The Wrights thought that the information on lift had already been documented; that they could use a rudder like a boat rudder; and a propeller like a boat propeller. All wrong. The lift data was flawed, the boat rudder won't work on a plane, and all the work on props had been trial and error.
Bob had said that he didn't understand the way that the Wrights controlled their airplane, and the ranger at the visitor's center explained it. Pitch was controlled with the left hand (the engine throttle was in the right hand), and there was a hip cradle which controlled the yaw and roll. One of the Wright's breakthrough's was to link the roll and yaw into one control.
He said that the Wright Bros only patented one item and that was the control system for flying, and that all airplanes today use that system. They didn't bother to patent the prop design which is 81% efficient - modern ones are only 85% efficient.
Wilbur died in NYC in 1912 of typhoid, but Orville lived until 1948, and became wealthy.
The Wright Brothers National Memorial is open 9am-6pm in the summer and 9am-5pm the rest of the year.
$3.00 - 7 Days
$20 - Annual
Each year, one or more individuals who have been pioneers of aviation are honored by having their portraits hung in the Visitor's Center.
Pictured, going right to left on the top row:
1) Amelia Earhart 1898 - 1937 First Woman To Fly Solo Across The Atlantic, 1932 First Pilot To Fly Solo Hawaii To California, 1935 Inducted in 1968
2) General James H. Doolittle 1896 - 1993
First To Make An All-Blind Instrument Flight From Take Off to Landing, 1929. Inducted in 1969
3) Jacqueline Cochran 1906 - 1980 First Woman To Pilot An Aircraft Supersonically, 1953 Inducted in 1968
4) Rear Admiral Richard Evelyn Byrd 1888 - 1957
First To Fly Over The North Pole, 1926
First To Fly Over The South Pole, 1929. Inducted in 1968
5) General Charles E. Yeager 1923 -
First Person To Pilot An Aircraft At Supersonic Speed, 1947 Inducted in 1968
6) Captain Henry T. Merrill 1894 - 1982 First Pilot To Make A Commercial Round-trip Flight Over The Atlantic, 1937 Inducted in 1976
7) Grover C. Loening 1888 - 1976 Army’s First Civilian Aeronautical Engineer, 1914 Inducted in 1972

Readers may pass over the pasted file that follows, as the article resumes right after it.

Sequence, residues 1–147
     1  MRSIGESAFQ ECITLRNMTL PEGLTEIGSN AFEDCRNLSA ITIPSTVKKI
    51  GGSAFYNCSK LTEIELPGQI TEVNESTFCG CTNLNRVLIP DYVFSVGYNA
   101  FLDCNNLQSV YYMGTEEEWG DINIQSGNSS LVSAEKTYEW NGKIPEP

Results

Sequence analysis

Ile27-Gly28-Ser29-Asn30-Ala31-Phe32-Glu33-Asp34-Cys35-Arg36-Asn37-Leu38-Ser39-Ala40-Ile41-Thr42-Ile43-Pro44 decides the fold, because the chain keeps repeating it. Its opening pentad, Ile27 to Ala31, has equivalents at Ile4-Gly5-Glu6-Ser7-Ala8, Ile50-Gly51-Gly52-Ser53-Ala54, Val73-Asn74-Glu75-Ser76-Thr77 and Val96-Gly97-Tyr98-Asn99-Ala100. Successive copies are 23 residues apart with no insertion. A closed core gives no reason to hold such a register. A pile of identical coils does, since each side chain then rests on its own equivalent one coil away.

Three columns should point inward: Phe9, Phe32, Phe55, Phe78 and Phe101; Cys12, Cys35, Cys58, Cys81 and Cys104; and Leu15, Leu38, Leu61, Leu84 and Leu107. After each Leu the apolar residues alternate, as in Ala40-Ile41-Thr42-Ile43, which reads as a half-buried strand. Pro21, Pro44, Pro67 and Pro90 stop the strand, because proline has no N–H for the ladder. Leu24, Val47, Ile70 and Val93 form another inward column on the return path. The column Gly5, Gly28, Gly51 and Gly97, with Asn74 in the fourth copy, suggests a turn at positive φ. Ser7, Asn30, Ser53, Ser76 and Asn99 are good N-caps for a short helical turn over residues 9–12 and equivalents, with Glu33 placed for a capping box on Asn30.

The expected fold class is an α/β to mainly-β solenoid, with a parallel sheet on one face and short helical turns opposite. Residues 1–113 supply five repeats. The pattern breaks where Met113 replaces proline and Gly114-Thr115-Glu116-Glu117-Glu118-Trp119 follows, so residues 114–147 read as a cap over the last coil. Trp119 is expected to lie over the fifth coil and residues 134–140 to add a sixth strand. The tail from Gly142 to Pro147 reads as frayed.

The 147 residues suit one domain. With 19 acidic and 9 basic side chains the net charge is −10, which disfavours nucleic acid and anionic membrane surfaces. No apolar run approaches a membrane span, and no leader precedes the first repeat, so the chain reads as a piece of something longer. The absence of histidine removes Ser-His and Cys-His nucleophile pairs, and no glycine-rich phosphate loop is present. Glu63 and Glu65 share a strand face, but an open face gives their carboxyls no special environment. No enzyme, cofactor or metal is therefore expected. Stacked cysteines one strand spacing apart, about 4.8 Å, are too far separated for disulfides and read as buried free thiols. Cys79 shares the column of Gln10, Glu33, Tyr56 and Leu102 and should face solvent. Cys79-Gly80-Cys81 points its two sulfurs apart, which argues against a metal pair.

Coming back towards us starting far left on bottom row
1) Alberto Santos-Dumont (in the funny white hat) 1873 - 1932 First To Fly A Heavier-Than-Air Machine In Europe, 1906 Inducted in 1981
2) Bessie Coleman 1893-1926 First Black Woman Licensed Pilot Inducted in 1989
3) Lieutenant Thomas E. Selfridge 1882 - 1908 First Military Officer To Pilot An Airplane, 1908 First Fatality In Powered Aviation, 1908 Inducted in 1971
4) Major General Benjamin D. Foulois 1879 - 1967 First United States Military Aviator Inducted in 1980
The Wright Brothers Memorial in Kill Devil Hills is where the Wright Brothers went to test out their flyers. Because the islands had strong winds it was ideal for helping them generate the lift needed to get the plane off the ground.
The Site has reconstructed "hangars" as well as a monument on the top of a hill that can be seen from far off. There is a small museum with a replica Wright Flyer in it also.
There is a rail and monuments marking where the brothers launched and landed the flyer.
Back when the Wrights were here, the place looked like a desert. Now there are trees and grass. It's a great place to relive aviation history and reflect on how far it's come.
There is also an airport on-site if you want to fly in and visit. If you are driving, there is a decent sized parking lot to accomodate cars. The place was packed when we went but we were able to get a parking spot no problem.
What could be more beautiful and relaxing than watching the light fade over the ocean, hearing the surf on the beach, and keeping your feet warm by blazing fire? Theres not much to beat it. Fires are allowed on the beaches if they are properly watched and extinguished. A permit is needed on the northern shores around Nags Heads, but further down the coast at the National Seashore, you may fire at will. They just have to be below high tide line and buried when done. We had a great fire going the last night of our trip this summer. The beauty of it all was almost intoxicating. I could have slept under those stars, listening to the waves, toasting my marshmallows. I would say this is a must!
Even though my first time out on the waves was when the surf was pounding down and the water was 40 degrees, I had the time of my life! One of the surf shops that was open even in mid-March was Cavalier Surf Shop. The woman there was so nice and could tell we came a long way to swim in the ocean and we weren't letting freezing water stop us. She got us great suits to rent and boards that shot us over the water like canons. They were very laid back and flexible in when to get the boards back to them, since not many were renting this time of year. They are a stop to shop!